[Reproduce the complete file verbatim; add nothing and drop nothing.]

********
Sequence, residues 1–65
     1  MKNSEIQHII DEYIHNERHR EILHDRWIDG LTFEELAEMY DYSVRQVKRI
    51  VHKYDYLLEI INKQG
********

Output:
Sequence, residues 1–65
     1  MKNSEIQHII DEYIHNERHR EILHDRWIDG LTFEELAEMY DYSVRQVKRI
    51  VHKYDYLLEI INKQG